My Love For You is Timeless

february1February 14–a day set aside to celebrate one’s romantic side–often comes under attack as being invented by card companies just for profit. I disagree. I have written here at least one other time about the celebration of this holiday during the 1860s, and I continue to think of it as a time for a soldier to think about something other than war for at least a few hours. Not that that is all they were thinking about, but that is fodder for another post.

I have a particular fondness for the fussy old valentines from Germany with lace, blue birds, and foldout parts. I buy them on eBay and give them to my friends, who pretend to be delighted. I have been following one valentine–specifically Civil War–in particular for several years in eBay’s virtual pages–it is very unusual.

The experience begins with an image of 6b548fd912fad91fc3b5868995d7a835folds of the Union flag covering up a small army tent. There is a message below the tent, but I cannot find am image that I can manage to read–they all pixilate into nonsense. The best I can do is:


My heart’s not lightened,
In hours of glee.
My thoughts are brightened,
When thinking of thee.

There seem to be a couple of versions, all touting such romantic sentiments.

A truly unique thing happens when the paper “tent flaps” are pulled back. Inside the tent is a Union “officer,” let us assume. He is sitting at his little camp desk, writing, assuming again, a letter to his beloved, whom he is missing terribly. His few possessions are carefully packed and placed to the right side, and his rifle stands to his left. His expression is one of melancholy rather than grief, and hovering above and behind him is the ethereal image of his sweetheart. This small card is a truly unique (although not one-of-a kind) valentine, and very much an evocation of the American Civil War.soldierstent2

I have been looking at this item for several years, as I said, and this year I decided to do a post on it, using images from the eBay site to illustrate its uniqueness. I checked last month, and it was still there–at its usual price tag of–wait for it–$1,000! That price is the only reason I do not own this item, and I have wavered more than a few times, I will admit.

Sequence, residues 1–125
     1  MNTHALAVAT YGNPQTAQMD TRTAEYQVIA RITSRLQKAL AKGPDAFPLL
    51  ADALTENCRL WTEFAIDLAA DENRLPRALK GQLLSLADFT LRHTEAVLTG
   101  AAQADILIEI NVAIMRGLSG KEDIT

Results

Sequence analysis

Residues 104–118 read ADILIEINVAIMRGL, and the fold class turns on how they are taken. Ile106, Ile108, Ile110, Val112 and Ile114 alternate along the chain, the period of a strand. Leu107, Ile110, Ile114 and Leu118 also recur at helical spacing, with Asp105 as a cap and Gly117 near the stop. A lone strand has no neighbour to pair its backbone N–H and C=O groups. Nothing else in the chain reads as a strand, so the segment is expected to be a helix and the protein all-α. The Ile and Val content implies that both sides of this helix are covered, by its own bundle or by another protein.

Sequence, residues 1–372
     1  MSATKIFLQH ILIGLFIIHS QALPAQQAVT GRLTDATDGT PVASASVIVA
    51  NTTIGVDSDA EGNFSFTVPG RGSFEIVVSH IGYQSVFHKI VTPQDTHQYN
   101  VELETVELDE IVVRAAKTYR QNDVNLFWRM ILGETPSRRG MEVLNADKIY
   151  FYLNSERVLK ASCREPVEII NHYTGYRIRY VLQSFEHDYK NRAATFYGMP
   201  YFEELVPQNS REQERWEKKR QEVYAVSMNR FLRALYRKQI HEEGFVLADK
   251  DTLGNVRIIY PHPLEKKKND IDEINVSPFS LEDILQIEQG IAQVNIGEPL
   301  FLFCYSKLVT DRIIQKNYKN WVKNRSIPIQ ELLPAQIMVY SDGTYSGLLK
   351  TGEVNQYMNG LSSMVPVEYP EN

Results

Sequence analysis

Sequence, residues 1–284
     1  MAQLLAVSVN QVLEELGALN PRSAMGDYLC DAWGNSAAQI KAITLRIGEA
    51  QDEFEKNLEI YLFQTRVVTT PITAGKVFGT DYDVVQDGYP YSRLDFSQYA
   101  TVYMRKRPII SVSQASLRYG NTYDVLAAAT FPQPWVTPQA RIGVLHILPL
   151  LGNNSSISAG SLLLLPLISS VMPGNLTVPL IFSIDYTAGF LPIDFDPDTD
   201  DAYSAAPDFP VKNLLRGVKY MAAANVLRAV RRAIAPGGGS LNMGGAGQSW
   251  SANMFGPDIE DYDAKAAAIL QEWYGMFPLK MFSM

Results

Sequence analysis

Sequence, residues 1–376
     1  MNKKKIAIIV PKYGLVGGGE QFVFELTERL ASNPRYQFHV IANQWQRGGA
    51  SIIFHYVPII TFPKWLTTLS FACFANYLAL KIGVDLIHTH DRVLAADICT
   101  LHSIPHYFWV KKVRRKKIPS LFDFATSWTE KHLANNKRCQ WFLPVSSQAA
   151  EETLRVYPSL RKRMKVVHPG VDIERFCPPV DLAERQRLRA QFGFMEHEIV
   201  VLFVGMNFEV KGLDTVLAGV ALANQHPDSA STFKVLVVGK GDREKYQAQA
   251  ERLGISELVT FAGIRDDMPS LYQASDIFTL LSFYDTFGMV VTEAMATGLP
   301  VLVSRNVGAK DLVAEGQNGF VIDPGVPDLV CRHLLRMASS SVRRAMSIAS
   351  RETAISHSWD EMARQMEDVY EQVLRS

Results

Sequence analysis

civilwarvalenine1Imagine my surprise when I sat down to write this post a few days before the 14th of February–and the item had gone missing. Not there. Not to be found. No matter what words or phrases I used to guide my search, it never showed up. I can only assume that either the owner has withdrawn it from the site or . . . someone bought it!!!!! Someone not me. Someone with more money than sense, and less sense than romance. Ah! My heart actually felt a pang for my missing valentine, and I hope that–if purchased–it has gone to a loving home. I was hoping you would all go to the listing for it and look, but alas, this will not happen.

What will happen is that historians, re-enactors, museums, and the Shiloh National f676aa106c332bc58fb8ebaf82f6bec6Military Park will find ways to not only celebrate the day itself, but also do so with a nod to the past. Let us not forget the lovelorn Yankees and Rebels, nor the lonely women and families who sent them forth to battle with, I am sure, a combination of love and recriminations. Probably more love. Leave the recriminations for the politicians who demanded the whole dang deal in the first place.

Happy Valentine’s day from Emerging Civil War.


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